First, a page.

The Social Media Revolution is already having a profound impact on how we engage with students and how they learn. Those entering the many 6th Form institutions around the country this week joined secondary schools in the same year YouTube and Facebook went live. Having started teaching ten years ago the students I had to teach how to use Microsoft Word then bear no resemblance to the near Digital Natives who spend their life sharing music and videos with each other whilst playing video games with people all over the world. Thinking a further 5 years from now my 6 year old nephew who I have blogged about here and here will be joining secondary school for the first time this week. They are pure digital natives who have only ever sat at a computer in a Web 2.0 world. The Social Media Revolution is coming and in fact is already here. How will you respond?
Filed under: Learning Gateways, Online Learning, SharePoint, Twynham School
Back in March 2007 we started developing SharePoint beyond our use with staff at Twynham School in order to support students in their preparation for GCSEs. Students had a ‘Student Gateway’ page before this which was used for notices and key information but at this time we had not ventured into providing significant content. How did we go about engaging students back in 2007 when web 2.0 was an emerging term (in our world)? With our 2 year anniversary nearly here our work has enjoyed significant success with 50% of students using or online resources on a recent snow day without direction.
When we started to think about making content available our first question was ‘how do students use the internet?’ We did our research then and I have repeated this today which shows the same trends but with new ideas emerging.
- Teenagers spend 31 hours online a week- Top 3 activities are messenger (50% of teens are using MSN messenger in the UK at last count), You Tube (instead of TV) and then homework.
- Teenagers main driving influence online are music and gaming.
- Teenagers are increasingly moving away from email as a form of communication.
This information left us daunted as we considered how we might compete (or at least co-exist) with the influences on a teenager’s social life. Our next decision was perhaps the most important in engaging teenagers- we decided not to compete or be compared with a teenagers web 2.0 world until we had the right resources available. The key to this decision was student voice and in particular interviews we ran with students. They told us that they didnt want or need us to replicate their web 2.0 world and school should be functional and not attempt to be cool. Most importantly we found a need that the internet did not fulfill- a clean and simple one stop shop to help students revise efficiently and effectively for all their GCSE exams. BBC bitesize and other sites are simply too generic, trying to cover all topics and exam boards.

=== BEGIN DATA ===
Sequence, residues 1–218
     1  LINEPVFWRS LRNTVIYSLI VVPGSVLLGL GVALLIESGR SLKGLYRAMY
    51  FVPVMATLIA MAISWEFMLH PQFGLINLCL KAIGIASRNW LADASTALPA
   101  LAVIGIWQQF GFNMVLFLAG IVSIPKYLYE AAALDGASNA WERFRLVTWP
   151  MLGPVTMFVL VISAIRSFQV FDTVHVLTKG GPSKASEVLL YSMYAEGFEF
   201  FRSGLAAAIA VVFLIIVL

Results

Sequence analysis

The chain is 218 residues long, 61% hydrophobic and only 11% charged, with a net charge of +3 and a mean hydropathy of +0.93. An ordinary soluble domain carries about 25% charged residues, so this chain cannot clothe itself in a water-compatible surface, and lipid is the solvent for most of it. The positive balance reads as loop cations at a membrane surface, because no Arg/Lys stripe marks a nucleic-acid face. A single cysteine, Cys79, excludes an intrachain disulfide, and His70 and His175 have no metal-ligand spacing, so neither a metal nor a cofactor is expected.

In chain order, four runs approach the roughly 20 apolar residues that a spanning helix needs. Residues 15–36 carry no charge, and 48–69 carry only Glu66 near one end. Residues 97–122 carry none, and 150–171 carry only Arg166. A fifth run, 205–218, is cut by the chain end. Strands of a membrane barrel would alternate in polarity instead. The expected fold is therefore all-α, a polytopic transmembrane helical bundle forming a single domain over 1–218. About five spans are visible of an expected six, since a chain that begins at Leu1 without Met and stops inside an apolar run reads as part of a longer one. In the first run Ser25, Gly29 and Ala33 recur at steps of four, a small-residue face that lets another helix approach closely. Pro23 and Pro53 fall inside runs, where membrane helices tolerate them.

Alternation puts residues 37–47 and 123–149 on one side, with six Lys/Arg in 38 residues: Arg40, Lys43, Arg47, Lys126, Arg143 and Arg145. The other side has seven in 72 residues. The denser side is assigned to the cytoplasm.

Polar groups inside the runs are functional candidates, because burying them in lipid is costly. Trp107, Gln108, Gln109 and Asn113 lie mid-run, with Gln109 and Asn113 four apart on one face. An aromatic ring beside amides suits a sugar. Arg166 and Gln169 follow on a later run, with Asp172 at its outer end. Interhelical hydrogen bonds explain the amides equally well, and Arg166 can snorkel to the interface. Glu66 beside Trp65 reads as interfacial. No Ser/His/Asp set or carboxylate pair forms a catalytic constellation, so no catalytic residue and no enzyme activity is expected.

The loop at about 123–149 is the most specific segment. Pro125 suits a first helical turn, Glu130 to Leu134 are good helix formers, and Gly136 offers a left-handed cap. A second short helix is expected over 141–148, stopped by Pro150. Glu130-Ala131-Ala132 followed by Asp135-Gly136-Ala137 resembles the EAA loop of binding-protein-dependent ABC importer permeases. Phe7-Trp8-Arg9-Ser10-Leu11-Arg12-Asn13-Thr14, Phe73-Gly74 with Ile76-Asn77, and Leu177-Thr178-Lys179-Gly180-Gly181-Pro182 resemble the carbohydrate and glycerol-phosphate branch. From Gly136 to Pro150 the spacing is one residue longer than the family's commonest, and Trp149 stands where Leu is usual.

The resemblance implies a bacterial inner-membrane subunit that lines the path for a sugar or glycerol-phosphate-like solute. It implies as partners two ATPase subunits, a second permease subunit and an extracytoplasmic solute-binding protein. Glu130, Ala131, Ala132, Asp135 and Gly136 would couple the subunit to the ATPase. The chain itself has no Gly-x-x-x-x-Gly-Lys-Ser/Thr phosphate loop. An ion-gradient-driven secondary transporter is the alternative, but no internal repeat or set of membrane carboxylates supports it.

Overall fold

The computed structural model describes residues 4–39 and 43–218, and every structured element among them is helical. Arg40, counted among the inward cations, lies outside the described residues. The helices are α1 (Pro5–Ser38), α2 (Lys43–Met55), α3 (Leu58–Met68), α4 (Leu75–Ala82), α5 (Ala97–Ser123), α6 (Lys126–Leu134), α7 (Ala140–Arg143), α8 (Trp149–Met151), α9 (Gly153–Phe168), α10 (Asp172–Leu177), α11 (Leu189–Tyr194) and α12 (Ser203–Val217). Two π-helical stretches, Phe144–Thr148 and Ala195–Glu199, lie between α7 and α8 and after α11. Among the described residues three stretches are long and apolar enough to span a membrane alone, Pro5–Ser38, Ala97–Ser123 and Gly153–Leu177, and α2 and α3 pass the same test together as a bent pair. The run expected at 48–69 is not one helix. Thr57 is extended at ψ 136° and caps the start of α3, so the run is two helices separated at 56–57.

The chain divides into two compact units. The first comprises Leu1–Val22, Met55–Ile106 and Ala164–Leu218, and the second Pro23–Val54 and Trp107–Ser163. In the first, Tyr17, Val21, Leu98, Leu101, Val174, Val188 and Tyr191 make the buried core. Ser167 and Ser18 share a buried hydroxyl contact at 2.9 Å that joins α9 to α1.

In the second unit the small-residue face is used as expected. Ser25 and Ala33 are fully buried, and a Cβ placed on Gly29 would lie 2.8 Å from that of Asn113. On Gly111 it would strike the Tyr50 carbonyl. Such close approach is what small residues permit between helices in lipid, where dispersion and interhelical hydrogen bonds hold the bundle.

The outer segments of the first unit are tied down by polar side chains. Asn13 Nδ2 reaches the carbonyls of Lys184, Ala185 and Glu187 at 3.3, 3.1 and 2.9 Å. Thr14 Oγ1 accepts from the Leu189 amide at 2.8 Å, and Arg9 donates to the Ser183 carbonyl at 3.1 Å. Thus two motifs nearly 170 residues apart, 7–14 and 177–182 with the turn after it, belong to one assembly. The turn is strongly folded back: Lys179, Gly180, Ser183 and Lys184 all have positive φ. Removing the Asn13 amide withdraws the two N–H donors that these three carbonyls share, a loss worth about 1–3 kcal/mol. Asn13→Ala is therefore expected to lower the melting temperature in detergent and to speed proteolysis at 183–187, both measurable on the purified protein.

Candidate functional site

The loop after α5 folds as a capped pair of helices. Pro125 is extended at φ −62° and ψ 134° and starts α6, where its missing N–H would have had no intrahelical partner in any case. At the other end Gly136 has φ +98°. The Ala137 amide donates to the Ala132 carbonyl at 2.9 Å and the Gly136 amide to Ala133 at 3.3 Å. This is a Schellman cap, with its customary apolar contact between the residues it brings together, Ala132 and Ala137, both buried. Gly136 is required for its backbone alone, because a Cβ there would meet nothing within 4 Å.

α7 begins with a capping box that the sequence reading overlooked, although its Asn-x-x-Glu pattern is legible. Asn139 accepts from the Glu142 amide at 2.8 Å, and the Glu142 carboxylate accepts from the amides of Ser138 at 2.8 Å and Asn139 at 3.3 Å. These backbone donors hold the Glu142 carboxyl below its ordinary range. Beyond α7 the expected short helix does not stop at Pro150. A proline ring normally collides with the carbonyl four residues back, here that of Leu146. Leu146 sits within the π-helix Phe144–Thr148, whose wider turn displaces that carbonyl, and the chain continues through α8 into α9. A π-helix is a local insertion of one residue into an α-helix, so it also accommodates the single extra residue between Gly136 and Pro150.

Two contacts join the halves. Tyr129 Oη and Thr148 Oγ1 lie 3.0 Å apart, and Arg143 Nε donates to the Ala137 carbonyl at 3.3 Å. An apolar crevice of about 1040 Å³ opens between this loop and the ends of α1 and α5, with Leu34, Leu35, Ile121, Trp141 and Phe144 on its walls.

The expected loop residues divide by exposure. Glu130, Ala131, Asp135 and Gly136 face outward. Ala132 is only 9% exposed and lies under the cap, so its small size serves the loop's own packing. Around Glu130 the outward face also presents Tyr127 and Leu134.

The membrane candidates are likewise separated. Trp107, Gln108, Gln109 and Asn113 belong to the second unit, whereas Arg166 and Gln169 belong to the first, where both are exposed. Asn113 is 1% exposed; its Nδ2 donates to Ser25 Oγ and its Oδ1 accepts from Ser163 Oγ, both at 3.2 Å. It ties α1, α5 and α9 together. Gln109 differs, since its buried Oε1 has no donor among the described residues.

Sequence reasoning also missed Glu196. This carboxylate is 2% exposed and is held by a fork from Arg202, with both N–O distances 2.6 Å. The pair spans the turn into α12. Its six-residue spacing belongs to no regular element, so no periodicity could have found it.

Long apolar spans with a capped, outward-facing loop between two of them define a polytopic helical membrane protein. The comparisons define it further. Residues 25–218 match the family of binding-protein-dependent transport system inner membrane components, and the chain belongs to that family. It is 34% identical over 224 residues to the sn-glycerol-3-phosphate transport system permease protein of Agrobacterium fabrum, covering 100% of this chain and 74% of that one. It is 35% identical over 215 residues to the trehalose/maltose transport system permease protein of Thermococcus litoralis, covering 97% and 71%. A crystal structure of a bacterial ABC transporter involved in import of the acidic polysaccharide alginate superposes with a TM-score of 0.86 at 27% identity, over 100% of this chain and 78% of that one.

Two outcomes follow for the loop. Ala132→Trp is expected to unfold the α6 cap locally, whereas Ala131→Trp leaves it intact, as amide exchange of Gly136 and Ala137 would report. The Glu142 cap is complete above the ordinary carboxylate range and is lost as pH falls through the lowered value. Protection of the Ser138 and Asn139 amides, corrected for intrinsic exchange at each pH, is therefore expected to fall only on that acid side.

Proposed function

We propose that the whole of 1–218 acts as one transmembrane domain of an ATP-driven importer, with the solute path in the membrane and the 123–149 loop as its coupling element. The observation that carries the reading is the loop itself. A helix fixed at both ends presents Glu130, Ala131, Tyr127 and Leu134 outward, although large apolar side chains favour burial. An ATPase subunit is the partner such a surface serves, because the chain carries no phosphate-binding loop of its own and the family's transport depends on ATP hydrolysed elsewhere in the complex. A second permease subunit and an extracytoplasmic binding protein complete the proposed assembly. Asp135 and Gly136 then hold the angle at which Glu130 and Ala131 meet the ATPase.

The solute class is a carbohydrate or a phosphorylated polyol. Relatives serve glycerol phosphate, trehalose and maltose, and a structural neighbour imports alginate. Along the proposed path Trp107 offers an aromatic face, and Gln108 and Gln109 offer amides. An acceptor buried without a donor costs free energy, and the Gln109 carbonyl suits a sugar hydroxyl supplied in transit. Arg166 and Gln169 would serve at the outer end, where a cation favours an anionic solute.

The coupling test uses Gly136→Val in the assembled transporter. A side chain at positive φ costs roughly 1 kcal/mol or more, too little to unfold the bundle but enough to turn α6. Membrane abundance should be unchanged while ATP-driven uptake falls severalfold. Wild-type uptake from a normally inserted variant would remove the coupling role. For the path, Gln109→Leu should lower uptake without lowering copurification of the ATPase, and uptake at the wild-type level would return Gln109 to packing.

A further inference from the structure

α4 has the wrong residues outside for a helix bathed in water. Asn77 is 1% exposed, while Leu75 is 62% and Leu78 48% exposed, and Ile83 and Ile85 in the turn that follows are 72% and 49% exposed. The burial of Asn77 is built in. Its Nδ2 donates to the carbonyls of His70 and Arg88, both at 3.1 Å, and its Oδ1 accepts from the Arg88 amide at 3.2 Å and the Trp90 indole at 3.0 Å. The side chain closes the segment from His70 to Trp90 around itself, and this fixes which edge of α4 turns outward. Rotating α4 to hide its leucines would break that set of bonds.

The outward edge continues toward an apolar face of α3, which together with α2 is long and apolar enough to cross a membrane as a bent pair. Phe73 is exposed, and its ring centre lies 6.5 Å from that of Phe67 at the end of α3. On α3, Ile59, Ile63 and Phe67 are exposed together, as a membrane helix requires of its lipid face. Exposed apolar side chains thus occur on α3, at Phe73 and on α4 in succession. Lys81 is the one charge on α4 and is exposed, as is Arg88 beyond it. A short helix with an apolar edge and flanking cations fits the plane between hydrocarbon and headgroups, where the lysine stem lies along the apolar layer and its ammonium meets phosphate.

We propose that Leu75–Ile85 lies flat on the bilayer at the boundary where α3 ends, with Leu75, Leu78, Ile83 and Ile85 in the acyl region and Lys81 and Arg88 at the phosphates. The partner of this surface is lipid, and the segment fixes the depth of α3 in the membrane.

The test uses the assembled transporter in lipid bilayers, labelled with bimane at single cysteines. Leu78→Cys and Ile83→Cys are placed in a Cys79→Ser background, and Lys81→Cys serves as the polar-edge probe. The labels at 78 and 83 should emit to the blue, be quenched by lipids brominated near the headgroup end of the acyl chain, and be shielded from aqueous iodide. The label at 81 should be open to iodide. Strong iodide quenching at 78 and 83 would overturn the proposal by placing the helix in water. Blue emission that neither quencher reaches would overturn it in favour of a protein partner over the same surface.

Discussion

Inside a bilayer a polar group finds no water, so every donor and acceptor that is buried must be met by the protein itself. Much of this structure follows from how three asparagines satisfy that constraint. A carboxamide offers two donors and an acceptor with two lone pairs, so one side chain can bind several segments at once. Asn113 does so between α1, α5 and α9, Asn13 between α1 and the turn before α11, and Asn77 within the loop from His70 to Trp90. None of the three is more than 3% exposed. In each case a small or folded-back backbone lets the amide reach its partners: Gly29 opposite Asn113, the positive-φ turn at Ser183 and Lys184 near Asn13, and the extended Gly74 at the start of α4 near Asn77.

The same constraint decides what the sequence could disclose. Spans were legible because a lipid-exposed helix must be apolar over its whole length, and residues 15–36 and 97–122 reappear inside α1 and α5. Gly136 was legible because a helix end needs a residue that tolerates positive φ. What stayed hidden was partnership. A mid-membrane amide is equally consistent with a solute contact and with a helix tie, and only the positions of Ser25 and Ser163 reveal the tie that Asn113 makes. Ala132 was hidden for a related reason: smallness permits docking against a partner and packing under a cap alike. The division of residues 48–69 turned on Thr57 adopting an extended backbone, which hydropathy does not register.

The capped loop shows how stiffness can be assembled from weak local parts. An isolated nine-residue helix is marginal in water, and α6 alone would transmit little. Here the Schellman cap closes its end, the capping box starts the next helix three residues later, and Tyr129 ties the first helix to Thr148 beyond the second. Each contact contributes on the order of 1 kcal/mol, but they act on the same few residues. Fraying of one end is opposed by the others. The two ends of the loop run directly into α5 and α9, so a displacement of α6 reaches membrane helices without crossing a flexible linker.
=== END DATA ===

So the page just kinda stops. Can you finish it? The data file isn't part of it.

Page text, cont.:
What was really revealing is they way students approached the internet. One student gave this example saying, ‘Google is great but I spent 3 hours searching for a good Maths GCSE revision site and couldnt find one. There was just to many options’. What became clear is teenagers are not as good at searching the net as we think and evidence suggests they are less succesful than adults. Talking to students at length showed us that they wanted high quality resources, produced by their teachers (who they trusted) in an simple and easy to use interface. The result of all this preparation and talking to students was our Revision Gateway. Were we succesful? Within one month of building a site we had 70,000 visits from the 240 students in year 11. Below is an image of our Revision Gateway homepage and tomorrow I will explain how we built this relevant online learning resource for our teenagers which has gained such high user adoption.